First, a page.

An OSU economic study on the costs of establishing and producing hazelnuts was completed in 2008. It showed that the EFB-resistant cultivars available to Oregon hazelnut producers can enhance economic viability of the orchard by increasing the cumulative cash flow over the course of the 12-year establishment period by $12,243 per hectare compared with standard susceptible cultivars requiring scouting, pruning, and four fungicides sprays each spring (Julian et al., 2009).

A worldwide genetic resource collection has been made over the course of the last 24 years with complete resistance to EFB in Corylus avellana (L.) discovered in the following genotypes: ‘Gasaway’ from Washington, ‘Zimmerman’ from Oregon, ‘Weschcke Seedling’ (OSU 08.040) from Minnesota, ‘Ratoli’ from Spain, Georgian 759.010 from the Republic of Georgia, OSU 495.072 from Russia, COR 157 from Finland, ‘Uebov’ from Cacak, Serbia, ‘Crvejne 3/96’ from Cacak, Serbia, ‘Culpla’ from Spain and Moscow N01, N02 from Moscow, Russia (Vidyasagar et al., 2010). These genotypes are being integrated into the OSU Hazelnut Breeding Program to produce new cultivars expressing a wide diversity of genes for resistance to EFB (Honglin et al., 2007).

The Arbor Day Foundation began a Hazelnut Research Project in 1996 with the planting of 3.6 ha of hybrid hazelnuts at Arbor Day Farm in Nebraska. Their plants came from hybrid hazelnuts from Badgersett Research Farm in Minnesota and combined mostly the American hazelnut, Corylus americana (Walter), and the beaked hazelnut, Corylus cornuta (Marsh.), bred through open cross-pollination.

Recently, to maximize progress, a Hybrid Hazelnut Consortium was formed to join the leading hazelnut researchers in the United States at OSU, the Arbor Day Foundation, Rutgers University, and the University of Nebraska, Lincoln. The goal of the Hybrid Hazelnut Consortium is to create a world-leading research and breeding program to develop hazelnuts as a widely adapted, high-yielding, and low-input sustainable crop that is competitive with annual crops for food, feed, or bioenergy.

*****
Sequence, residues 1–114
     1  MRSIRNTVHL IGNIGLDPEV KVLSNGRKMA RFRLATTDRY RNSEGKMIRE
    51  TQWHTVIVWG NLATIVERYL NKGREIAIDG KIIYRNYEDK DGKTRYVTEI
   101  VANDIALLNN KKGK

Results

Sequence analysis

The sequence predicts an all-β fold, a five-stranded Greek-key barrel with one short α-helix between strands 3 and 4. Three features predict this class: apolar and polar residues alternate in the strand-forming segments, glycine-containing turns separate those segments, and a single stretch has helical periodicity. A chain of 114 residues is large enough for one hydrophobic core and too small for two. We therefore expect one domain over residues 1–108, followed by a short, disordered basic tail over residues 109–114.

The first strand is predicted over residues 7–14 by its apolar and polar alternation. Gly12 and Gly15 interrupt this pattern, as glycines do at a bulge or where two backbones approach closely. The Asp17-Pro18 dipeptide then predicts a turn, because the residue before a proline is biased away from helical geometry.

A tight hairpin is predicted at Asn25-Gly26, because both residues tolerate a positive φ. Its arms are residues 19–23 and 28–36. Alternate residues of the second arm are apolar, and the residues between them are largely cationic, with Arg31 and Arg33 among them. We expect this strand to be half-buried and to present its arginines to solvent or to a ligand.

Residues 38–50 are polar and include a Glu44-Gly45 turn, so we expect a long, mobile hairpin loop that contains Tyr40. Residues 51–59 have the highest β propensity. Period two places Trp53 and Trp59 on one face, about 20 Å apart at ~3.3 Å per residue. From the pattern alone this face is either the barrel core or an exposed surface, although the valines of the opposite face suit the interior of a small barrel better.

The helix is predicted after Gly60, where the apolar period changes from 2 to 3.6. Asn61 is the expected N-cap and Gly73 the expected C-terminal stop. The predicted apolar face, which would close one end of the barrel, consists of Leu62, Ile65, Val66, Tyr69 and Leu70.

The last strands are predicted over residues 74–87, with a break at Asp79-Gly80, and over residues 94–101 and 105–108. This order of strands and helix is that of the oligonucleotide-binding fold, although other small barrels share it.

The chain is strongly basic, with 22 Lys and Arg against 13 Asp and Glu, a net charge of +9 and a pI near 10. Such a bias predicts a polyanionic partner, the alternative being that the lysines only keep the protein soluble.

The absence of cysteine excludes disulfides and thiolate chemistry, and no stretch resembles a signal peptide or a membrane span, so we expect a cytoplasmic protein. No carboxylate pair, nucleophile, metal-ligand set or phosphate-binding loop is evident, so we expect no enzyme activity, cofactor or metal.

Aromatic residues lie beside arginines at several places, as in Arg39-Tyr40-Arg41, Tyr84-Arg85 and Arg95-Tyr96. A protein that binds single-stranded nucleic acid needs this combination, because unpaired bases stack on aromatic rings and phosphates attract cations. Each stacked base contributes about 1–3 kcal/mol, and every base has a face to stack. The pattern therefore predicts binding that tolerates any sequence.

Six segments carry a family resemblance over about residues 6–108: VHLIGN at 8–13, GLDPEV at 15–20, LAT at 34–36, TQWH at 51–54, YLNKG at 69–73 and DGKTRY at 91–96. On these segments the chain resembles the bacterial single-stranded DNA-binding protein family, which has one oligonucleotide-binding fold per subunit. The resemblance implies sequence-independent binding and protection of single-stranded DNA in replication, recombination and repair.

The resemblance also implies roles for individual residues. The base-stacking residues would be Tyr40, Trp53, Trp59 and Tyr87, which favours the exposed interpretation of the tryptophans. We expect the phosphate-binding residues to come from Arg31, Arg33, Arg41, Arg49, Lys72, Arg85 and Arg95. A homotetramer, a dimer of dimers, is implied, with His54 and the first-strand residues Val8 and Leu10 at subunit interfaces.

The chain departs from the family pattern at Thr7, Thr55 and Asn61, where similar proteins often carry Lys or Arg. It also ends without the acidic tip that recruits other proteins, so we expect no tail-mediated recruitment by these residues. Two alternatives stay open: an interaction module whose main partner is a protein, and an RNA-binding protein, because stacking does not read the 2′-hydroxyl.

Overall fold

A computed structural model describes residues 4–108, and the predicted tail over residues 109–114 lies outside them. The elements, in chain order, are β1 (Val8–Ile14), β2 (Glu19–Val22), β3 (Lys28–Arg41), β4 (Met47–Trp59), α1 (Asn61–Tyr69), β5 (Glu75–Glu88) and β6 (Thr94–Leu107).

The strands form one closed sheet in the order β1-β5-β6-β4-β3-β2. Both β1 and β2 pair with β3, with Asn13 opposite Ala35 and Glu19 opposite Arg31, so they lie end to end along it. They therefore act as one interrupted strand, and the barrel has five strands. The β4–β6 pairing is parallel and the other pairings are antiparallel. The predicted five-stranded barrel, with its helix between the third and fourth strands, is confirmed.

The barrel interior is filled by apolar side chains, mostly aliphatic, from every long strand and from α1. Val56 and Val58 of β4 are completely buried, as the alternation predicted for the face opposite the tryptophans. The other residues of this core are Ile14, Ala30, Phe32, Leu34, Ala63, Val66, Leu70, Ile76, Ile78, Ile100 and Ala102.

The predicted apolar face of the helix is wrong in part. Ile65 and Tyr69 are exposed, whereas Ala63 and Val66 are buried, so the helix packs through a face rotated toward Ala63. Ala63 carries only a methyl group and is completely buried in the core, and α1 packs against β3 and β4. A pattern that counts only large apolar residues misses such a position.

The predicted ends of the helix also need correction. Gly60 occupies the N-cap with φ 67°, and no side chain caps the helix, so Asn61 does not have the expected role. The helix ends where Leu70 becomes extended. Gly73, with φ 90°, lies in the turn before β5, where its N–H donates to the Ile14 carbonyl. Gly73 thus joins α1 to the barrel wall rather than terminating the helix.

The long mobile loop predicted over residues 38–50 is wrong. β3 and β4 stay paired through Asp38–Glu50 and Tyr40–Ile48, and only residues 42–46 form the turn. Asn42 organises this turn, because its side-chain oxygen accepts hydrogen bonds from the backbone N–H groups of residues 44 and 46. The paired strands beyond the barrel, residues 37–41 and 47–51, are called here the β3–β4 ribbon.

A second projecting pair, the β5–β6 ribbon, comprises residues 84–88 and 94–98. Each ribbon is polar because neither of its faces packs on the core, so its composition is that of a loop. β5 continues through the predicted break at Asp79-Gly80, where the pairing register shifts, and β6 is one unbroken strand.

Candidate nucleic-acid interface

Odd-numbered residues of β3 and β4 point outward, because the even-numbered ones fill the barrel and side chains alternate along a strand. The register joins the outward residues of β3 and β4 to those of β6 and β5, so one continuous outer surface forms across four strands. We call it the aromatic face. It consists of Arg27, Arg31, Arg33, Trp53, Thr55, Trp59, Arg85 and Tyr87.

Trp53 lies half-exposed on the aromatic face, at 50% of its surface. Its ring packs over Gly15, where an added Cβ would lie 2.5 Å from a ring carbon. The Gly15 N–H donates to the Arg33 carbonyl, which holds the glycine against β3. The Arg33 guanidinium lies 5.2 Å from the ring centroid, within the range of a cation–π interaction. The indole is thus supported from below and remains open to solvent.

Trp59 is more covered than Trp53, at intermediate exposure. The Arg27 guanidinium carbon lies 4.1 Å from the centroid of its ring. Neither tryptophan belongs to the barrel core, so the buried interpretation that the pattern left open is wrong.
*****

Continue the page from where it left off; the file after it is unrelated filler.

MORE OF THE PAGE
Dr. Thomas Molnar has been researching hazelnuts for the eastern United States since 1996 at Rutgers University. The program at Rutgers University has ≈11,000 hazelnut seedlings in the field or greenhouse undergoing evaluation. In addition to assessing genotypes for their EFB response, the Rutgers program is also looking for genotypes that are winter-hardy. Dr. Molnar has been working closely with Dr. Shawn Mehlenbacher of OSU to assess the response of OSU hazelnut selections that are resistant to EFB in Oregon when exposed to strains of the disease that occur in the eastern United States (Molnar et al., 2010). Dr. Molnar's team has planted ≈4000 seedlings from OSU controlled crosses at Rutgers. Some of the resistant genotypes from Oregon have shown symptoms of EFB when planted on the east coast of the United States. This has demonstrated the need for building multiple sources of resistance into cultivars for the future. It has also prompted quarantine on importation of hazelnut plants into Oregon from other parts of the United States to avoid introduction of different strains of EFB into the main hazelnut-growing region of the United States. Dr. Molnar is also searching for new sources of resistance to EFB from seedling populations from Estonia, Latvia, Lithuania, Uzbekistan, Poland, Ukraine, Russia, and Kyrgyzstan and integrating them into advanced selections.